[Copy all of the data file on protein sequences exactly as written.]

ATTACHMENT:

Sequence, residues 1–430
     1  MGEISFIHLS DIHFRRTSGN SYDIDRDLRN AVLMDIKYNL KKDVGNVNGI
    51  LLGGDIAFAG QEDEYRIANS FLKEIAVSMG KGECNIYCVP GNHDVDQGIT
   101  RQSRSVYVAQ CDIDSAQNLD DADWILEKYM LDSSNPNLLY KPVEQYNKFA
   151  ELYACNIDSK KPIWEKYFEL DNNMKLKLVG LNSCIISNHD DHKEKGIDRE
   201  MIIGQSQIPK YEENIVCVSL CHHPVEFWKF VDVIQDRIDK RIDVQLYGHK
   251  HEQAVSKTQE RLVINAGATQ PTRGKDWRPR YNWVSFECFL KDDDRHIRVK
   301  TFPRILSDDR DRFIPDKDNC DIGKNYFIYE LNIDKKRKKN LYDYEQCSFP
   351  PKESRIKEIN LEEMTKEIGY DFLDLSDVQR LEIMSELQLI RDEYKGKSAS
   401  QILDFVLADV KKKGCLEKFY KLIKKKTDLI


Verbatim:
Sequence, residues 1–430
     1  MGEISFIHLS DIHFRRTSGN SYDIDRDLRN AVLMDIKYNL KKDVGNVNGI
    51  LLGGDIAFAG QEDEYRIANS FLKEIAVSMG KGECNIYCVP GNHDVDQGIT
   101  RQSRSVYVAQ CDIDSAQNLD DADWILEKYM LDSSNPNLLY KPVEQYNKFA
   151  ELYACNIDSK KPIWEKYFEL DNNMKLKLVG LNSCIISNHD DHKEKGIDRE
   201  MIIGQSQIPK YEENIVCVSL CHHPVEFWKF VDVIQDRIDK RIDVQLYGHK
   251  HEQAVSKTQE RLVINAGATQ PTRGKDWRPR YNWVSFECFL KDDDRHIRVK
   301  TFPRILSDDR DRFIPDKDNC DIGKNYFIYE LNIDKKRKKN LYDYEQCSFP
   351  PKESRIKEIN LEEMTKEIGY DFLDLSDVQR LEIMSELQLI RDEYKGKSAS
   401  QILDFVLADV KKKGCLEKFY KLIKKKTDLI